I can’t decide whether I want to shake my head in disbelief or slap these people silly. How do you reach out to people who just don’t get it? And I’m not just talking about the viewers, I’m talking about the idiot clergy who are promoting this idea. This is the extreme end of religion done “my way”. That’s nothing new, but Americans seem to have a knack for opening up so many novel avenues of religious weirdness. Back in 1921 it was the first radio broadcast of a religious program. In the 50’s, the car culture and cheap gas saw worship popping up in outdoor drive-up movie theaters and supermarket parking lots. What can you expect in an on-line age? Apparently Internet communion. I get choked up watching It’s a Wonderful Life with a big bowl of Blue Bell Ice Cream – that don’t make it eucharistic, sacramental worship.
The Greek Orthodox Archdiocese of America links the weekly celebration of the Divine Liturgy to its website, but no one would ever think this is a substitute for real worship, except in the instances when someone truly cannot go to church, and then it is participation in only the most rudimentary way. If you are homebound, the Church, in the form of a visiting priest, should come to you. As Orthodox Christians our sacramental unity is achieved by worshipping together and sharing in the real Body and Blood of Christ. Not bagels and Crystal Light (or Ritz crackers and grape juice, depending on your own interpretation of leavened vs. unleavened bread).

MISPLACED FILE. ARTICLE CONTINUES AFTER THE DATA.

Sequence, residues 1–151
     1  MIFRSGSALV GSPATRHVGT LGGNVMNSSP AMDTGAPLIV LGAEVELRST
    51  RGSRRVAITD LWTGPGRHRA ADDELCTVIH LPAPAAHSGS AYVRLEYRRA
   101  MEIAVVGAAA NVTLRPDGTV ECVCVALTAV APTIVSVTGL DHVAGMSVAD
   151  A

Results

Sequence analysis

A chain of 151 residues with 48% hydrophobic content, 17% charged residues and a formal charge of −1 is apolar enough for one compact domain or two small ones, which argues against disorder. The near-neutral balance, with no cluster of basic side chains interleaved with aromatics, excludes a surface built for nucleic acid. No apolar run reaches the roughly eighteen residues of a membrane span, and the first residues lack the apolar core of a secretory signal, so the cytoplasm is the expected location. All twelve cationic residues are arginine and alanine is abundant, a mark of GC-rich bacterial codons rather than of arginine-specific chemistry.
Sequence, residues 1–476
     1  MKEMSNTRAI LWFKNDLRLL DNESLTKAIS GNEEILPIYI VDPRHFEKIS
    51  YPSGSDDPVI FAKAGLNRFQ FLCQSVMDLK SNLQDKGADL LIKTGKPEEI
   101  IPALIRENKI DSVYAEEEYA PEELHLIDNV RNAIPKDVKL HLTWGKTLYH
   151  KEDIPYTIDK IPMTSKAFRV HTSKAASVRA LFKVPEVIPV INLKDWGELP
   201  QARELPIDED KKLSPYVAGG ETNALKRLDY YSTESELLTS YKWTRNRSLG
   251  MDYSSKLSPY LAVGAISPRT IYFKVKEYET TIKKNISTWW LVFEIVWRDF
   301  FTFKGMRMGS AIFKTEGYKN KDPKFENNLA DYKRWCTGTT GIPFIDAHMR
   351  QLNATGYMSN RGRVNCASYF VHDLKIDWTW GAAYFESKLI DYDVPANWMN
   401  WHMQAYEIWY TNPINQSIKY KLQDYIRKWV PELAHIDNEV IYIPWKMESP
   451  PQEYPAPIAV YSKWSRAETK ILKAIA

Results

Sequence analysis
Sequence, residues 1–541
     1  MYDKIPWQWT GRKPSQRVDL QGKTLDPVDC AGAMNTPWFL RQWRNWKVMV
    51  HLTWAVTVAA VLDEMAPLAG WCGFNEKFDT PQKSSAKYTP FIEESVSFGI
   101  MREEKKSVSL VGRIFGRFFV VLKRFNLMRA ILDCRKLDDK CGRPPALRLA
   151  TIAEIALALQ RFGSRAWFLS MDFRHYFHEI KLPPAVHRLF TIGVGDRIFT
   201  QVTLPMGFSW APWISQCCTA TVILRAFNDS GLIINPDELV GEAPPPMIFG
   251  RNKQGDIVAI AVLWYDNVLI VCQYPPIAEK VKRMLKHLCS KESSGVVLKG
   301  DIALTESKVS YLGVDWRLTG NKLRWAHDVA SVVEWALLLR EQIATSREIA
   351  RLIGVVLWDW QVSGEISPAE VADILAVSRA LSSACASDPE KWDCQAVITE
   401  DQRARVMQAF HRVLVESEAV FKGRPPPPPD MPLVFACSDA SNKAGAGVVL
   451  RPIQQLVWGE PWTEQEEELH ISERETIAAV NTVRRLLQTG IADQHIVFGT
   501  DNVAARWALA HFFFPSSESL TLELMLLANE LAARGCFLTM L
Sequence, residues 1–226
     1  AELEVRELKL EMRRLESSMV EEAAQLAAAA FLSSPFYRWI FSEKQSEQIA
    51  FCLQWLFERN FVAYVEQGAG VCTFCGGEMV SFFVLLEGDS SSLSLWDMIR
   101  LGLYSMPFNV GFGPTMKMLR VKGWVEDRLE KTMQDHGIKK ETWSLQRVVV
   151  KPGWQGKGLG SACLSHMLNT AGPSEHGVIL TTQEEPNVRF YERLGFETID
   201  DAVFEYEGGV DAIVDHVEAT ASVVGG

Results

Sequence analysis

My 2 cents for what it’s worth – if you can, get off your ass and go to church.
(For any of you poor, lost souls who do not have access to Blue Bell Ice Cream, I can only say Brenham, Texas and its Little Creamery, are to ice cream lovers what a trip to the River Ganges is for Hindus. Just float my ashes down a river of Homemade Vanilla and I’m headed for Nirvana. Just kidding – but I would like Blue Bell served at the mercy or memorial meal after my funeral.)